EPA to Give Factory Farms a Free Pass on Emissions

  • Published on September 24th, 2008

As a thinly veiled favor to agriculture lobbyists, the EPA has proposed to eliminate a rule that currently requires large livestock facilities to track and report their noxious gas emissions. An individual factory farm can be responsible for as much greenhouse gas emissions as an entire major American city.

A Government Accountability Office report, however, has come out against the proposed EPA change. The report explains that one facility can produce up to 1.6 million tons of manure each year, which causes 1.5 times more pollution to water and air than a city like Philadelphia. In Congress, a House oversight committee convened today to try to convince the EPA away from the change.[social_buttons]

The GAO said the number of factory farms had increased about 3,600 in 1982 to about 12,000 in 2002 and that pollution continues to be a problem for communities surrounding the facilities. The rule as it stands is one of the few environmental standards that the meat and dairy industry must follow. It is hardly stringent, as it does not regulate how much methane or ammonia a farm can emit, but rather equips the EPA with information to tackle the problem in the future. Rescinding the rule would be a backwards move for the environment and only the agriculture industry alone stands to profit.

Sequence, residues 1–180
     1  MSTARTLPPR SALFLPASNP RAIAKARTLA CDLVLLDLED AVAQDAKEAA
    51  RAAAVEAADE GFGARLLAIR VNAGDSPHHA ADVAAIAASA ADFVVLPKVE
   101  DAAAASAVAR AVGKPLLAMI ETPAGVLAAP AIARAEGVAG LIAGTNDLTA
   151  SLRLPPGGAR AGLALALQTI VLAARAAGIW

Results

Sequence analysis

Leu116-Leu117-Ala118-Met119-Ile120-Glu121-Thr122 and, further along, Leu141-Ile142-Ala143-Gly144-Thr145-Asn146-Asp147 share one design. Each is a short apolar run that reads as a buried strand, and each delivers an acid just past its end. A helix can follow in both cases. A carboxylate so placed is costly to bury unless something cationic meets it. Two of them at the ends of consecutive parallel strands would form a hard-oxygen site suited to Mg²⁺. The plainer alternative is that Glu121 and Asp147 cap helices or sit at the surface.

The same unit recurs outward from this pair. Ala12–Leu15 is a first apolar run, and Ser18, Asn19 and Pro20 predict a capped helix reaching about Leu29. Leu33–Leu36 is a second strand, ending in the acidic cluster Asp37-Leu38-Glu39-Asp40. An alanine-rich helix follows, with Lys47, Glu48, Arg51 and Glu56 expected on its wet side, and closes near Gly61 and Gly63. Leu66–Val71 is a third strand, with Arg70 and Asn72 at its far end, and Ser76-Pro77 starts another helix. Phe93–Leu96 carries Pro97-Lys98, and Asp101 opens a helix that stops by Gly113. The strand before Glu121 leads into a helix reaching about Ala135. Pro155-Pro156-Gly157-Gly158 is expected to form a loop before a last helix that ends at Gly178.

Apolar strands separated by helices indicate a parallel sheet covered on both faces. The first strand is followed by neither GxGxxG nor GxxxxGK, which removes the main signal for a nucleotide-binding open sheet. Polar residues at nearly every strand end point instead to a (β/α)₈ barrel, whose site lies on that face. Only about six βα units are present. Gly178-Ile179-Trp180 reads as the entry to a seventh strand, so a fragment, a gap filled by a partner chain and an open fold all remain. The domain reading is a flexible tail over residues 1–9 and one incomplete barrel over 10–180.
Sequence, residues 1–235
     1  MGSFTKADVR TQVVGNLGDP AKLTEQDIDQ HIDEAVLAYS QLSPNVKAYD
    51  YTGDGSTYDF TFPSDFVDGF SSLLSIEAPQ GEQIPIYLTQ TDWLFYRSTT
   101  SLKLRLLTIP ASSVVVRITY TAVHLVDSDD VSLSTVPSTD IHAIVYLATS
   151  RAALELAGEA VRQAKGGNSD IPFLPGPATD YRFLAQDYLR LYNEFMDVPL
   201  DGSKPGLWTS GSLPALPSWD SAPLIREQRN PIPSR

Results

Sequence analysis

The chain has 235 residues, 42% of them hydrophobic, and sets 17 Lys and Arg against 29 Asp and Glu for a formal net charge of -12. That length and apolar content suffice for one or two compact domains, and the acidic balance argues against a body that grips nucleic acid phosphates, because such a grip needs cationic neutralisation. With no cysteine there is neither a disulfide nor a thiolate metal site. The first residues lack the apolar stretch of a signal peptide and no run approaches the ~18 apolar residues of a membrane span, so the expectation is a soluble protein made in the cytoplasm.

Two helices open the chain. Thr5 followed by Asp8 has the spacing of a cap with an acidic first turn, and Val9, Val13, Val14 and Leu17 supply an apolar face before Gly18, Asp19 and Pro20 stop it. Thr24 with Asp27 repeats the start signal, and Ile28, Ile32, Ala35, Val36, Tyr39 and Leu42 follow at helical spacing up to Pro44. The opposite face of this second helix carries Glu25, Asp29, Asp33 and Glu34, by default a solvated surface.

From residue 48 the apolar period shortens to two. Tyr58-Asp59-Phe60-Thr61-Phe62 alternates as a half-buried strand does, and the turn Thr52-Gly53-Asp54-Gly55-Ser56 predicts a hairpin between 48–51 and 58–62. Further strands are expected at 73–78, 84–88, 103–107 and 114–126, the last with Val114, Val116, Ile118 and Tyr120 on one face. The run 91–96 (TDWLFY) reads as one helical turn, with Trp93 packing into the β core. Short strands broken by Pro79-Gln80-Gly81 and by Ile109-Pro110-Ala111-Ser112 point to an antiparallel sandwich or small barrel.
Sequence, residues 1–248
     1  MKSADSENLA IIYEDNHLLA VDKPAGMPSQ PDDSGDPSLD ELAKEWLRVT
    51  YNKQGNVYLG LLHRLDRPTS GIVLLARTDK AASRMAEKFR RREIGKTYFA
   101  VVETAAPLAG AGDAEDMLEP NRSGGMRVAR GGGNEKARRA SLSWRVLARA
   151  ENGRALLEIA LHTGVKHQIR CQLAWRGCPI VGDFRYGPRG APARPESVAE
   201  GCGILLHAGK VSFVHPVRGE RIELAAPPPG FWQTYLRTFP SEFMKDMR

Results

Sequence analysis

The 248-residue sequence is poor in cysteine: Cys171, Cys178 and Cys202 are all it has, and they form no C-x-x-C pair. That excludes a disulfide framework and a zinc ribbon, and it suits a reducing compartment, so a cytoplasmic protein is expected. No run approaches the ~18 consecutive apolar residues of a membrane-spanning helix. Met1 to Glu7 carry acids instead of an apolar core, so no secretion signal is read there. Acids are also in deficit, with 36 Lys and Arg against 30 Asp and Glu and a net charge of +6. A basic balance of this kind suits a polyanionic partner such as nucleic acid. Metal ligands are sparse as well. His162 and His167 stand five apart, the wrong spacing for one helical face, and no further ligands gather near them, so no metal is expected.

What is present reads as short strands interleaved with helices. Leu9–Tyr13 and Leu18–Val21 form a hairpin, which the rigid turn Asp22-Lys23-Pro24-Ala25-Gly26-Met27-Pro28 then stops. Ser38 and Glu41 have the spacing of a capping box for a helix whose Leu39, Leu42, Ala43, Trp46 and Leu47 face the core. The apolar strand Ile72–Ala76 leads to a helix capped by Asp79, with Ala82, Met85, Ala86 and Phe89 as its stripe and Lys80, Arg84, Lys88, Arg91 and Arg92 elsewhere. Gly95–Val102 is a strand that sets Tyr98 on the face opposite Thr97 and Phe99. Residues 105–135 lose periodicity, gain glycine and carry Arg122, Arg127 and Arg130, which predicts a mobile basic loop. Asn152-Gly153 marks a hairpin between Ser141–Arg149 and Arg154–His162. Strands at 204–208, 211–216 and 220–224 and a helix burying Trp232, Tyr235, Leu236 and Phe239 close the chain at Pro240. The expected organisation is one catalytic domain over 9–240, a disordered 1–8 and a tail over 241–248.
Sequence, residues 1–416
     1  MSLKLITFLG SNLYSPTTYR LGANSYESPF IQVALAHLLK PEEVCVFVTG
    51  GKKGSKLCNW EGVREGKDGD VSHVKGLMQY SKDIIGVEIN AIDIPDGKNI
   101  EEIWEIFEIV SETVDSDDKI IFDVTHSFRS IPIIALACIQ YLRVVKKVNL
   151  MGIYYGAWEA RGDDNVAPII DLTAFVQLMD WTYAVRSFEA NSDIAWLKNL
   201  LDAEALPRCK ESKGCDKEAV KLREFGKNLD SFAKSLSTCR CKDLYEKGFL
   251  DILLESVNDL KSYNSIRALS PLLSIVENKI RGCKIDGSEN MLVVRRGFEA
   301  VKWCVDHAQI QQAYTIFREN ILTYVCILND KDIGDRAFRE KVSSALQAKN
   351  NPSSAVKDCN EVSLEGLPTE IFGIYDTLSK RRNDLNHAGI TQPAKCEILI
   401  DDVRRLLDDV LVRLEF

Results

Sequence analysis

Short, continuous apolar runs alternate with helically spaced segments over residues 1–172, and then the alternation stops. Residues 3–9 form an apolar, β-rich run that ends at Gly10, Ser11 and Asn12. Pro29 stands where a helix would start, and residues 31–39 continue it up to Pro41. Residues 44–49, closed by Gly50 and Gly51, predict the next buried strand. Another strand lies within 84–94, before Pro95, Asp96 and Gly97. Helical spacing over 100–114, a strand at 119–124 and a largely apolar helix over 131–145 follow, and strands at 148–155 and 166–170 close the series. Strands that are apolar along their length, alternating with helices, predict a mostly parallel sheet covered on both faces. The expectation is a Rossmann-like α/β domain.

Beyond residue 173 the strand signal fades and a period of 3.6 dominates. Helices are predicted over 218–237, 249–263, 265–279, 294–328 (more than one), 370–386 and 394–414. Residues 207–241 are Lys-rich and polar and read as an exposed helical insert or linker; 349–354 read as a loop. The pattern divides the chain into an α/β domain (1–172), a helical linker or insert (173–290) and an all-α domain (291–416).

“This GAO study confirms that the Bush administration’s plan to exempt industrial-sized animal feeding operations from emissions reporting requirements is nothing more than a favor to big agribusiness,” said Democratic Congressman John Dingell, the chairman of the House Energy and Commerce Committee.

The EPA issued a statement saying that the rule change is restrictive and would only apply to emissions from animal waste. However, that is where the vast majority of factory farm pollution originates. So far, the EPA seems unwilling to relent on their plan.

Photo Credit: David Blaine on Flickr under Creative Commons license.

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About the Author

is primarily concerned with animal welfare, wildlife conservation, and environmental justice. As a freelance writer in San Francisco, he leads a deliberately simplistic and thrifty lifestyle, yet still can’t help gawking at the newest green gadgets and zero-emission concept cars.

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